A statewide sod shortage means people whose lawns were torn up during summer construction will see soil and seed laid down instead.
City Administrator Clint
Gridley relayed the news at Wednesday night’s City Council meeting.
KSTP reported on
the dearth of sod in late August, saying sod farmers switched over to crops such as corn and beans when the recession slowed the construction of new homes and hence the demand for sod.
The city will encourage people to water their lawns after the seed is put down, and plans to issue permits allowing those homeowners to violate Woodbury’s odd-even watering ordinance, Gridley said.
About 700 homes in Woodbury will get seed instead of sod, City Engineer Klayton Eckles said. He couldn’t recall the city having to go that route for homes affected by roadwork in the past.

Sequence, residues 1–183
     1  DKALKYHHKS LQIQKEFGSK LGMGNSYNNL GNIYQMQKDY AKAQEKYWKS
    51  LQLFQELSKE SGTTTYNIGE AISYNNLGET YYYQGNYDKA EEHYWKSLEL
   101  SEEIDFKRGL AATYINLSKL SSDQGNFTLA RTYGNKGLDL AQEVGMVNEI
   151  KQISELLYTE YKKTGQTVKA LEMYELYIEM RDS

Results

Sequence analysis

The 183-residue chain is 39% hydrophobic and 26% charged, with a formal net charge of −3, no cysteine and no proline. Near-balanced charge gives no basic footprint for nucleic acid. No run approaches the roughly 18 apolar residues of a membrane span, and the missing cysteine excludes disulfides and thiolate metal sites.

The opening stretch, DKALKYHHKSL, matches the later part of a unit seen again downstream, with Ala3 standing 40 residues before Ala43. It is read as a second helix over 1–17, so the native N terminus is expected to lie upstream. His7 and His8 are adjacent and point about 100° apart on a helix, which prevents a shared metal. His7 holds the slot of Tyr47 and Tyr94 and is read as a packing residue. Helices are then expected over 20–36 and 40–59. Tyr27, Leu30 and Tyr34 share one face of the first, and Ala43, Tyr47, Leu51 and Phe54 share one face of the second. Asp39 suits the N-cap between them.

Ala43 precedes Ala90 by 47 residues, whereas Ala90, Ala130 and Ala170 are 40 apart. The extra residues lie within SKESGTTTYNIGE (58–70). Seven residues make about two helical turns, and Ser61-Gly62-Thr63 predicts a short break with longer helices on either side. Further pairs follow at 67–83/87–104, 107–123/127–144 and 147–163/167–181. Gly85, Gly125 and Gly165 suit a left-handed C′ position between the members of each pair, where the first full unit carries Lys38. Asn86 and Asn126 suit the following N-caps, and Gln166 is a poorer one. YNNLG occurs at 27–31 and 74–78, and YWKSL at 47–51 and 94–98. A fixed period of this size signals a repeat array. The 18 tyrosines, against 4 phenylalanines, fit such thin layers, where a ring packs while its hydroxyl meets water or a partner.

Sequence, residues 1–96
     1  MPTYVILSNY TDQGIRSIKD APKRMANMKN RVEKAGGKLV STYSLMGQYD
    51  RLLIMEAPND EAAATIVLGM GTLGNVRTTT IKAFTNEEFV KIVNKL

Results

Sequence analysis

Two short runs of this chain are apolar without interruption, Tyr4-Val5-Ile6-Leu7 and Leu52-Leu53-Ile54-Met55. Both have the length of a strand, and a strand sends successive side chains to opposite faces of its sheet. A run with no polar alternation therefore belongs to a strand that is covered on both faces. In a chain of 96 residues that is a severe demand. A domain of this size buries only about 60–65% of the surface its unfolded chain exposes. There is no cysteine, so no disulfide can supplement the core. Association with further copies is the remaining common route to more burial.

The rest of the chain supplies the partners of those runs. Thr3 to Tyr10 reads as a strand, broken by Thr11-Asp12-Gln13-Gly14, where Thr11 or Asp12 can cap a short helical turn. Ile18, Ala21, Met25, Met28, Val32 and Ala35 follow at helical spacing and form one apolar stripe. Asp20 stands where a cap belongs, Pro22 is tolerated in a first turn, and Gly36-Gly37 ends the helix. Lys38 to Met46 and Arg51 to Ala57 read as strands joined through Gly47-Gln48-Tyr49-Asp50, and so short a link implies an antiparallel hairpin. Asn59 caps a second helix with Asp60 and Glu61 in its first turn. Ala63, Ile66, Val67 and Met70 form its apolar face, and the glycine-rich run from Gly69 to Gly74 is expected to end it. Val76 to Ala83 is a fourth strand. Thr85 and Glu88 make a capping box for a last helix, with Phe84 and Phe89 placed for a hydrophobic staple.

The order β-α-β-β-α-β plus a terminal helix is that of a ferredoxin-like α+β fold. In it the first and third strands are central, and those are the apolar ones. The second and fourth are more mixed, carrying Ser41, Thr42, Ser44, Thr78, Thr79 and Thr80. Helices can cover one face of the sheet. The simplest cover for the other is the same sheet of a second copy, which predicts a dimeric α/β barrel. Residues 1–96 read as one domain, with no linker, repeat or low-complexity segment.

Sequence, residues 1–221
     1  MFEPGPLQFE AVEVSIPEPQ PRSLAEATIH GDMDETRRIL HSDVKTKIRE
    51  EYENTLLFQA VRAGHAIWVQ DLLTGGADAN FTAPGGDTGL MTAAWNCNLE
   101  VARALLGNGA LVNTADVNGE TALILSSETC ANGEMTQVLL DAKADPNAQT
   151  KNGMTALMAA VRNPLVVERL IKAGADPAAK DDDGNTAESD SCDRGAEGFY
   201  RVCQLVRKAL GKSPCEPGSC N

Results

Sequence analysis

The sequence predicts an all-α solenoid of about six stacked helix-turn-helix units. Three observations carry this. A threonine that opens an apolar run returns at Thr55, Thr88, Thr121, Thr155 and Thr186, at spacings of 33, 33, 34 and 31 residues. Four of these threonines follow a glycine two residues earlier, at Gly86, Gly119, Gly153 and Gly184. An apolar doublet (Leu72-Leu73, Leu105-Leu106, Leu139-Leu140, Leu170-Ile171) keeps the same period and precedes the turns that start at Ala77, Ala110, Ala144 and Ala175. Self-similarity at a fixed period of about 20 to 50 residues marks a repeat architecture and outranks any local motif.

Woodbury will likely issue a blanket watering permit for those homes, Eckles said.
“Seed needs a lot of TLC for the first four weeks or so,” he said.
The city has always allowed people to request permits for new sod or seed, though the ones for the homes where roadwork is occurring will get a 30-day permit instead of the standard 14.
Even with a permit, people still are not allowed to water from noon to 5 p.m.
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